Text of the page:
The Shafter Press - Serving the community since 1922

By Jamie Stewart
The Shafter Press 

Strike at Wonderful ends as pay cut rescinded

 

January 17, 2019 | View PDF

United Farm Workers | Armando Elenes

Workers learn that the rate per bin had been restored.

Almost 1,800 workers who walked for four days in protest of a decrease in payments have returned to work at the Wonderful Orchards throughout Kern County, after the company reversed the cut.

On Friday, Wonderful Company announced that they would cut the price they pay per bin on their citrus from $53 to $48. Workers walked out in protest, leaving fruit unpicked on the trees.

"We don't think it is fair that we get cut for doing the same job all year round, but they raise their workers' minimum wage at the same time. It seems funny to me," said a 36-year-old worker with a wife and two kids.

In a press release over the weekend, The Wonderful Company said it was "disappointed" by the protest by contracted workers. He said the price reduction resulted from the company's seasonal transition from clementines to mandarins oranges, both of which are marketed as Halos.

"This season, due to the smaller size of the clementines, we paid a premium for harvesting, and we are back to paying regular rate for the mandarins," said Mark Carmel, a spokesman for Wonderful

Earlier this month, Wonderful Company announced that it would be raising its minimum wage for their workers to $15 an hour. But, as workers employed by third-party labor contractors, the workers who protested do not work directly for Wonderful.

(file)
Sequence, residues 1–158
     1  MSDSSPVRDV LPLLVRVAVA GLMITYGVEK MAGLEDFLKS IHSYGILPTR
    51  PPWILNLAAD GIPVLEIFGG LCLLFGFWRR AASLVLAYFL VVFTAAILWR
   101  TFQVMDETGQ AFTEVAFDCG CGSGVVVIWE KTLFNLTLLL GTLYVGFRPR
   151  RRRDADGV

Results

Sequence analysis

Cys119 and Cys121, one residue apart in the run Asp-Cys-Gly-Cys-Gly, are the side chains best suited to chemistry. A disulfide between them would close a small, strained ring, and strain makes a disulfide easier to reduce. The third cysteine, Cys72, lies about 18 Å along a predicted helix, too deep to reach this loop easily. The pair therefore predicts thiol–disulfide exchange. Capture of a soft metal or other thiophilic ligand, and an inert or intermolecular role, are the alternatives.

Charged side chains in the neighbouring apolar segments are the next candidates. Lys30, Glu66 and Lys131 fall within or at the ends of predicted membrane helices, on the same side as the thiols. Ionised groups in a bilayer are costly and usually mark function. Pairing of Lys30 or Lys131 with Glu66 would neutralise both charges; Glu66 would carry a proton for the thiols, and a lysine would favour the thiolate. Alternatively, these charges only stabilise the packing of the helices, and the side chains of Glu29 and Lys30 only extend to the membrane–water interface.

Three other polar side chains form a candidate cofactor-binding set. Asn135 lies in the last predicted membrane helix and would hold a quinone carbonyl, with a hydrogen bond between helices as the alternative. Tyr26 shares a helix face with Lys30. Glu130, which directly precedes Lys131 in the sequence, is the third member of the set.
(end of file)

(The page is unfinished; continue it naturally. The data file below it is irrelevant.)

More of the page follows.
The workers said that they believe Wonderful is reducing the price to save money because of the minimum wage increase. Luis Rodriguez, a fruit pickr involved in the protest, said, "We don't think it is fair to make us pay for it. We work hard and deserve a fair price."

After the workers picketed at orchards near Shafter and appeared at the Wonderful Company's plant near Delano, the company released a statement on Monday that said that the rate would be reinstated.

"We have resolved the main concern raised by our third-party labor contractors and will restore the previous bin rate," the statement said. "The majority of our workers are back on the job, and we anticipate returning to normal operations soon."

One of the strike leaders, Luis Benitez, a Bakersfield resident who has picked citrus for 15 years, said that the main issue has been resolved, but there are still issues that the company has not responded to.

There have been recent complaints about unpaid time between reporting for work and starting to pick, among other issues. "What we want is to talk to a representative of the company," Benitez said.

Some people, including Rodriguez, said that this walkout could present an opportunity for the United Farm Workers to organize the workers in the company. "We are glad to be going back to work but we still have a long way to go to get everything resolved," he said.

 

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